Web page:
Withdrawals from a traditional IRA are taxed at ordinary rates no matter whether they are long term gains or short term gains.
Withdrawals from a ROTH IRA are not taxed no matter whether if the are short term or long term gains.


Note that withdrawals from a traditional IRA or ROTH IRA could be penalized if your are under 59 1/2 unless you take them out in a prescribed manner. Your initial contributions must also have been made to your ROTH IRA five years before the date when you start withdrawing funds.

For ROTH. Contributions can be removed at any point after they are made. Conversions must wait 5 years. Growth is after 59 1/2.

cdm

  • 5 O'Clock Shadow
  • *
  • Posts: 8
Re: Living off long term capital gains
« Reply #11 on: July 12, 2016, 07:48:20 AM »
Quote

...

Your initial contributions must also have been made to your ROTH IRA five years before the date when you start withdrawing funds.

For ROTH. Contributions can be removed at any point after they are made. Conversions must wait 5 years. Growth is after 59 1/2.

Yes, I stated that poorly. You can withdraw your initial contributions from your Roth IRA prior to 5 years but then gains would not be considered a qualified distribution and would be taxable.
Detailed rules are here: https://www.irs.gov/publications/p590b/ch02.html
« Last Edit: July 12, 2016, 07:59:05 AM by cdm »

johnny847

  • Magnum Stache
  • ******
  • Posts: 3196
    • My Blog
Re: Living off long term capital gains
« Reply #12 on: July 12, 2016, 08:02:15 AM »
Guys Roth isn't an acronym. No need to capitalize it.

Greenpez

  • 5 O'Clock Shadow
  • *
  • Posts: 44
Re: Living off long term capital gains
« Reply #13 on: July 12, 2016, 08:13:22 AM »
Guys Roth isn't an acronym. No need to capitalize it.


  Thank you for this contribution. Keep fighting the good fight.

seattlecyclone

  • Magnum Stache
  • ******
  • Posts: 4723
  • Age: 34
  • Location: Seattle, WA
Re: Living off long term capital gains
« Reply #14 on: July 12, 2016, 08:20:34 AM »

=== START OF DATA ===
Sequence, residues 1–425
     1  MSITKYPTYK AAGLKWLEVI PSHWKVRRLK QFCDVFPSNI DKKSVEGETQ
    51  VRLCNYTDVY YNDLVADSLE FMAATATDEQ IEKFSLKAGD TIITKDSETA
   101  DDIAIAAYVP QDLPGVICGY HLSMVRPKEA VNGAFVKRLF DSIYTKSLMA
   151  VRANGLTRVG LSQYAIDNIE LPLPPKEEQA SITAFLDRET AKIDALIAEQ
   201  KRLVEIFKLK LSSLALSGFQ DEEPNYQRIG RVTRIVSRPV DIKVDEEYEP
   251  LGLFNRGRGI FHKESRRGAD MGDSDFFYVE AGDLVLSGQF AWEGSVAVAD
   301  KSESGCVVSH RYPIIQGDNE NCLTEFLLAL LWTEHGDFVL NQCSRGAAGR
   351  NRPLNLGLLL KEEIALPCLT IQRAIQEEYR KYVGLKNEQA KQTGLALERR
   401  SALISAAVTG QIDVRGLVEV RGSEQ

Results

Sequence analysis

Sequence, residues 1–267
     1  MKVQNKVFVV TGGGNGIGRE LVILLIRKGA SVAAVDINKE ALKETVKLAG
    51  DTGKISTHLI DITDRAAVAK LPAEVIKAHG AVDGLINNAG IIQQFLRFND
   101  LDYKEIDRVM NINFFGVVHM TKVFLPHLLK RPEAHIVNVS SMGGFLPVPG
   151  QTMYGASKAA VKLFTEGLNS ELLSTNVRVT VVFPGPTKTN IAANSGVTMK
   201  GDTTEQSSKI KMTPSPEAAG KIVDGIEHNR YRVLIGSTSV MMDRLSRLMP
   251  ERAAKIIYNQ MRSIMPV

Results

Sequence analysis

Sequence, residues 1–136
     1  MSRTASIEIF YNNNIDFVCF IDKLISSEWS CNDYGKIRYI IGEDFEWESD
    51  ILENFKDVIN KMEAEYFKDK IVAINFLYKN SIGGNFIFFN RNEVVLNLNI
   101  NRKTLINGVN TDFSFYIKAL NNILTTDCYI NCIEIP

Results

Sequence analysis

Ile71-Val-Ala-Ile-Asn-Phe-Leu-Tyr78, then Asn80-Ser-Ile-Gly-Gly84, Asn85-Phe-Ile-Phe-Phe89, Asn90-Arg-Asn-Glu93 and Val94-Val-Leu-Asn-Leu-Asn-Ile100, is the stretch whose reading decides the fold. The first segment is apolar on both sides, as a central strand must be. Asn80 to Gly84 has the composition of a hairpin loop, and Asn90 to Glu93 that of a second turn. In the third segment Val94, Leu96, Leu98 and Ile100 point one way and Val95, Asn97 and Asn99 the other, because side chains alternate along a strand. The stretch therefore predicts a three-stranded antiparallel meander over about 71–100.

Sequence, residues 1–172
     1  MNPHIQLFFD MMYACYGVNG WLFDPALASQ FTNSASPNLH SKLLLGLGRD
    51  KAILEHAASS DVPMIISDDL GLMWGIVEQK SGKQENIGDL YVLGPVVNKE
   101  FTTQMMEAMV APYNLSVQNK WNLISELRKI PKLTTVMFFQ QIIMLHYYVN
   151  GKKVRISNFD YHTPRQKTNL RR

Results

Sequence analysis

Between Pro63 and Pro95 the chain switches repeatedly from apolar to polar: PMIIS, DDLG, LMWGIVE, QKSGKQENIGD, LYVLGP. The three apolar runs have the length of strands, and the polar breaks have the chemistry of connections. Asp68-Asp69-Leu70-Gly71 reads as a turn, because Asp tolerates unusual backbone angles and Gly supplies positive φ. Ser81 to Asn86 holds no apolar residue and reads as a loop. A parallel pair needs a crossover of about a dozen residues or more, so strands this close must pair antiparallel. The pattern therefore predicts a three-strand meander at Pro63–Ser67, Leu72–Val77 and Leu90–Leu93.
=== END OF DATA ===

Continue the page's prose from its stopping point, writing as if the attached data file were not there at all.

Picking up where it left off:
Yes, I stated that poorly. You can withdraw your initial contributions from your Roth IRA prior to 5 years but then gains would not be considered a qualified distribution and would be taxable.

You seem to be implying that if someone withdraws their Roth IRA contributions less than five years after opening their account, they can never make a qualified distribution on the gains. This is not true. Every distribution from your IRA is considered individually for the purpose of determining whether it is a qualified distribution. Making a non-qualified distribution of your contributions does not disqualify you from making a qualified distribution of the gains when you become eligible to do so.

Greenpez

  • 5 O'Clock Shadow
  • *
  • Posts: 44
Re: Living off long term capital gains
« Reply #15 on: July 12, 2016, 08:21:03 AM »
Quote

...

Your initial contributions must also have been made to your ROTH IRA five years before the date when you start withdrawing funds.

For ROTH. Contributions can be removed at any point after they are made. Conversions must wait 5 years. Growth is after 59 1/2.

Yes, I stated that poorly. You can withdraw your initial contributions from your Roth IRA prior to 5 years but then gains would not be considered a qualified distribution and would be taxable.
Detailed rules are here: https://www.irs.gov/publications/p590b/ch02.html

 I don't see anything there that states gains are taxable if the contributions they are from are removed prior to 5 years. Could you be more specific?

cdm

  • 5 O'Clock Shadow
  • *
  • Posts: 8
Re: Living off long term capital gains
« Reply #16 on: July 12, 2016, 08:42:18 AM »